Today we published a new report exploring disabled people’s working lives. The report – ‘A million futures’ – shows that last year alone, 220,000 more disabled people fell out of work than found a new job.
We wanted to explore why disabled people are struggling to stay in jobs.
Our new research with hundreds of disabled people found that a lack of flexibility in the workplace is a critical issue.
“I, like thousands of others, fall into the grey area of too disabled to hold down a job without health implications, yet not disabled enough to get help from the Government.” – Sarah, Isle of Wight
Nearly half (48%) of the 700 respondents to a Scope survey said that flexible working time and practices could have helped them stay in work.
Many disabled people told us that a key benefit of flexible working is that it can allow them to manage changes in their lives related to disability, or to manage a fluctuating condition, or recover from treatment.
Yet our survey found that only one in three had been offered the flexibility they needed.
“If I’d been given the opportunity, I could have sat down with them and said ‘look, this is what I’m capable of doing, this is what would help me get back into the workplace” – Jane, West Midlands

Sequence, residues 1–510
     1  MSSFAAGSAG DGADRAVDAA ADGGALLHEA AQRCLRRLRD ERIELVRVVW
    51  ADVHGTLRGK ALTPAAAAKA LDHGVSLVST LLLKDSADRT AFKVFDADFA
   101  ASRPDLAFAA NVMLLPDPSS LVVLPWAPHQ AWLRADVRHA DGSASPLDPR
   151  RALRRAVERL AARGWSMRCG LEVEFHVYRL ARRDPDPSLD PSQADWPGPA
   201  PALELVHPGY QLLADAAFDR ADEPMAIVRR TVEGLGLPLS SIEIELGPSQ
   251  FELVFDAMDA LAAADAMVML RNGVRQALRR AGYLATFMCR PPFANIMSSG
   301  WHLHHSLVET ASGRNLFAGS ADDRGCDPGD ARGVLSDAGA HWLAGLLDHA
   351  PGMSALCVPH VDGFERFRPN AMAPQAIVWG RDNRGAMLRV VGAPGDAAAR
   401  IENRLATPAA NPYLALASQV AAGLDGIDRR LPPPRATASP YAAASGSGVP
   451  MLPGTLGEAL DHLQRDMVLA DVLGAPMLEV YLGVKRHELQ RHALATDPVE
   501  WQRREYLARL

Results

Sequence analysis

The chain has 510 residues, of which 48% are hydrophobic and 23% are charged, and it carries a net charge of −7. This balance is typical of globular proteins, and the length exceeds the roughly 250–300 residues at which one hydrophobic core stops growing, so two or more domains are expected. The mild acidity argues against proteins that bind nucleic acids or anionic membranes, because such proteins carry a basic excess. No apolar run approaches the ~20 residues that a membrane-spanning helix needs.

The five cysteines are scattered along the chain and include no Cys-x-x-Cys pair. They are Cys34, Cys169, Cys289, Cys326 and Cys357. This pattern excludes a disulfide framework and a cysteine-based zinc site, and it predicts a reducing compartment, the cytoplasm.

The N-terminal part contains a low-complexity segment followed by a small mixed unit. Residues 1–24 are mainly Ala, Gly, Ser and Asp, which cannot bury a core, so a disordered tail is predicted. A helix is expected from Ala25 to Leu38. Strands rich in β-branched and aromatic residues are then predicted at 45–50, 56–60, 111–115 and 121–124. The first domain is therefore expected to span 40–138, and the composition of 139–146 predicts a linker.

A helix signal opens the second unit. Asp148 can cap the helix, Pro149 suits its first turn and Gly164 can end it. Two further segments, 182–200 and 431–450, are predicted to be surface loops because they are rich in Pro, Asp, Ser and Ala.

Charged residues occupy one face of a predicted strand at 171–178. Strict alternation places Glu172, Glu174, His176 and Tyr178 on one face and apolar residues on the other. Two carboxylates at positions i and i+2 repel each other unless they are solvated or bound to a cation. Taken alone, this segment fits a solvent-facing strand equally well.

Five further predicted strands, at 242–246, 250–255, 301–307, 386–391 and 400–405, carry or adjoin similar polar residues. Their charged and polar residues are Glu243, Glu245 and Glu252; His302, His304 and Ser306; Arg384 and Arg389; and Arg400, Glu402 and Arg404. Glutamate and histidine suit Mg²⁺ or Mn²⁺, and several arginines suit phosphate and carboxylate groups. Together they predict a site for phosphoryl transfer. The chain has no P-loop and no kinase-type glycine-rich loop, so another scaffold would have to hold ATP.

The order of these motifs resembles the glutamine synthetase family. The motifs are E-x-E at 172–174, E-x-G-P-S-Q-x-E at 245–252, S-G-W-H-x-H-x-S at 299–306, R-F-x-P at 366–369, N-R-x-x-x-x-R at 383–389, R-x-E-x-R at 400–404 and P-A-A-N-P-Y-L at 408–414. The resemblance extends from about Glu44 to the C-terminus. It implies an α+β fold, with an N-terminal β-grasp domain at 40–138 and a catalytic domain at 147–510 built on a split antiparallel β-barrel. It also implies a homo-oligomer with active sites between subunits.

As a result, too many disabled people and their families find themselves relying on taking sick leave to manage this need for flexibility – often against their wishes.
Over half (60%) of those on long-term sick leave are disabled people. Once in sick leave, it can be very difficult to return to work.
Providing better support for disabled people must be a priority for Government and employers – and can bring benefits for everyone.
For those disabled people who are able to continue working, it means they can continue working, contributing, and taking home a pay packet.
Employers are able to keep hold of the knowledge, experience and contacts that often experienced disabled people can bring.
Crucially, better in-work support can bring benefits to the Government, by rebalancing spending on expensive programmes back to supporting those in work.
Find out more about our previous reports: